Japan's Aircraft Pioneer: Ninomiya Chuhachi
An obscure shrine-museum dedicated to flight
A traditional toy and a genius for observation put Japan's airplane inventor ahead of the Wrights in understanding the principles of flight.
On a November day in 1889 a Japanese army unit on field maneuvers in Shikoku took a lunch break in a broad valley. As the troops moved out, crows came winging in to pick up grains of rice that dropped from the lunch rations.
Ninomiya Chuhachi, a 23-year-old apprentice sick berth steward, stayed to watch. In his earlier years he designed and built kites, and thoughts of a flying machine had been on his mind for some time. As he watched the crows, he reasoned that the secret to human flight was somewhere in the wings of birds when they were not flapping. He wanted to study their outstretched wings, and to do this Ninomiya threw out rice grains to bring the crows close to him. He watched the birds as they glided to the ground at the last part of their flight.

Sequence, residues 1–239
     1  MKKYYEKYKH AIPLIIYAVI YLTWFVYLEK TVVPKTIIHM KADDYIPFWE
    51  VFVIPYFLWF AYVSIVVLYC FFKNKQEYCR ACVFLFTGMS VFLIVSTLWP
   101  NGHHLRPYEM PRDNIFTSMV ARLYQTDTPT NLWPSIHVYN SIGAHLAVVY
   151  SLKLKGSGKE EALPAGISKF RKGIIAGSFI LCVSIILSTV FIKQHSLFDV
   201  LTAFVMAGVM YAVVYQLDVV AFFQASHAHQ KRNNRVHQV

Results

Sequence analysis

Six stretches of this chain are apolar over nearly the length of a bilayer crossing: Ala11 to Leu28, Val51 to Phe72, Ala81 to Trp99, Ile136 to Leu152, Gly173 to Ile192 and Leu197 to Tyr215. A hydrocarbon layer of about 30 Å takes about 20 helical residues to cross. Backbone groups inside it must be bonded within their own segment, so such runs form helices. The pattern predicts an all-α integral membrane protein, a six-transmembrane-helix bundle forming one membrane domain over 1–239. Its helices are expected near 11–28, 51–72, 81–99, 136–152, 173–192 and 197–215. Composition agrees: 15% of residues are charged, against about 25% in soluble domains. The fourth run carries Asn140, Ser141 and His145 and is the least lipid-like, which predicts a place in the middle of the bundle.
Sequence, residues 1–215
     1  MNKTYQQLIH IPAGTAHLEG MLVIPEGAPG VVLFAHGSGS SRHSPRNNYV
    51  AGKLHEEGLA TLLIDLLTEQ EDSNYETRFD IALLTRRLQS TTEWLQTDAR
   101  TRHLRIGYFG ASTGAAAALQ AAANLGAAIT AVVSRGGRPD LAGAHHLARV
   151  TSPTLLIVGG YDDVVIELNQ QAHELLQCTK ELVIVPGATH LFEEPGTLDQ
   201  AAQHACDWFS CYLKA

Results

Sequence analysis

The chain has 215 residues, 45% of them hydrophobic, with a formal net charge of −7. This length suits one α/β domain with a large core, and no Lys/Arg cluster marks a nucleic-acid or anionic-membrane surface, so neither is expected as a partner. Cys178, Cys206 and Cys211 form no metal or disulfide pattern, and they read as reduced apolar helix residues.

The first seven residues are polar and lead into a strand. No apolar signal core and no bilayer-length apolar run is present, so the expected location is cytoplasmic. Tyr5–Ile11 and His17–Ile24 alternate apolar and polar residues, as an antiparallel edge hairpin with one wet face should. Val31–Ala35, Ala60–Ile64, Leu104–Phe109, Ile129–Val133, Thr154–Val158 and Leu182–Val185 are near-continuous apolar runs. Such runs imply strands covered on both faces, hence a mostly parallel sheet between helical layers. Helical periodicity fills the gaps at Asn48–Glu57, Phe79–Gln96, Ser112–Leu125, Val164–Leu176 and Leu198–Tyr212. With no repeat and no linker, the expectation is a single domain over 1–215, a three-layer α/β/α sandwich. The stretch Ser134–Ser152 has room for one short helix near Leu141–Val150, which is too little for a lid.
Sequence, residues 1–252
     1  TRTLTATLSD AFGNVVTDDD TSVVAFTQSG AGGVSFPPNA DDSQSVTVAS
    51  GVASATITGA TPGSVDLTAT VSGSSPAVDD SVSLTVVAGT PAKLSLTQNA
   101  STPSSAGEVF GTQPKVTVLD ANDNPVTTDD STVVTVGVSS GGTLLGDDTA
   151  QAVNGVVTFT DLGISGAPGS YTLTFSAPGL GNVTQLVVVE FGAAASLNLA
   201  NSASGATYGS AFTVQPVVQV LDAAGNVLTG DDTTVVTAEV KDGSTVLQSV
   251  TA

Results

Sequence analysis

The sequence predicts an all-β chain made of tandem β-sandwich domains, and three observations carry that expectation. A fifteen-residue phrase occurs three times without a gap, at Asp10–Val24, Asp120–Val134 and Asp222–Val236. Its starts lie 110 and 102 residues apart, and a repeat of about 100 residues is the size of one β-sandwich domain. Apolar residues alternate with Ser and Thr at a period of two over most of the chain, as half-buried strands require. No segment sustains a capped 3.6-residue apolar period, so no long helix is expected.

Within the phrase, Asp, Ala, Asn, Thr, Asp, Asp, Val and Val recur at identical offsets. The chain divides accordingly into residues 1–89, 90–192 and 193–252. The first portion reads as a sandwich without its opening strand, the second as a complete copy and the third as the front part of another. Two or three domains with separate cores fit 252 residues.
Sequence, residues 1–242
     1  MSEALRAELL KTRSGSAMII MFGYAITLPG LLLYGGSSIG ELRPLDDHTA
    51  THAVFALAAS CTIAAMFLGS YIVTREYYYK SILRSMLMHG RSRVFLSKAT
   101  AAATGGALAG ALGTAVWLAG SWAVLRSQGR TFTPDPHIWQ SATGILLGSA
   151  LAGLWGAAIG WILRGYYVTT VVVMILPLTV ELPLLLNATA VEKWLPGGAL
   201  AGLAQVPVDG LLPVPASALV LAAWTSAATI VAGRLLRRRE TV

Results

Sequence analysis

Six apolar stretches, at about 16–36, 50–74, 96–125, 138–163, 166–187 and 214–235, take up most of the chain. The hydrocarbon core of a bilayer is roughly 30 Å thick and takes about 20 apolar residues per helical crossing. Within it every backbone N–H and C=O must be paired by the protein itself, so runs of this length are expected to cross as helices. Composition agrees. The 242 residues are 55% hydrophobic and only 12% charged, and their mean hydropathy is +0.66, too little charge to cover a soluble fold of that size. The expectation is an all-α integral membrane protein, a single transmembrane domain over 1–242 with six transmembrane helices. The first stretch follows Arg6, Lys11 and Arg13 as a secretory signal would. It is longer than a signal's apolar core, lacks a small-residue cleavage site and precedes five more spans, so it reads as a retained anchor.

Then on takeoff, he observed how they gained a degree of elevation with wing power, but they soon stopped flapping their wings, spread them, went into a horizontal glide and then rode the air currents up to the mountain ridge. Wing-flapping, he reasoned, attained fight by expending energy, but If motionless wings could maintain a crow in flight, a machine built on a similar idea with some form of motive power should be able to sustain a man aloft.
As Ninomiya kept throwing out grains of rice, he observed that the crows controlled their horizontal flight by adjusting their tails, and that the leading edges of the wings angled upwards. He remembered how he and his childhood friends used to skip stones on the water, how a flat stone under-armed and angled upwards skipped over the surface and moved ahead. Now he saw the crows using a similar principle with their wings to move forward in the air. It was an early glimpse of what aircraft engineers of later years came to call 'angle of attack'.
The army unit moved on. Ninomiya lagged behind - and moved closer to the principle of flight. He later produced several flying models that could have - should have - been prototypes for the first manned aircraft. If it had happened, he would have been chronologically ahead of the Wright brothers in sustained, manned flight; he was unquestionably ahead from a design point of view.
Chuhachi was born into a merchant's family on the island of Shikoku in 1866. When he was still a child, he started designing and making kites, and eventually they became such a hit with the neighborhood that they became profitable.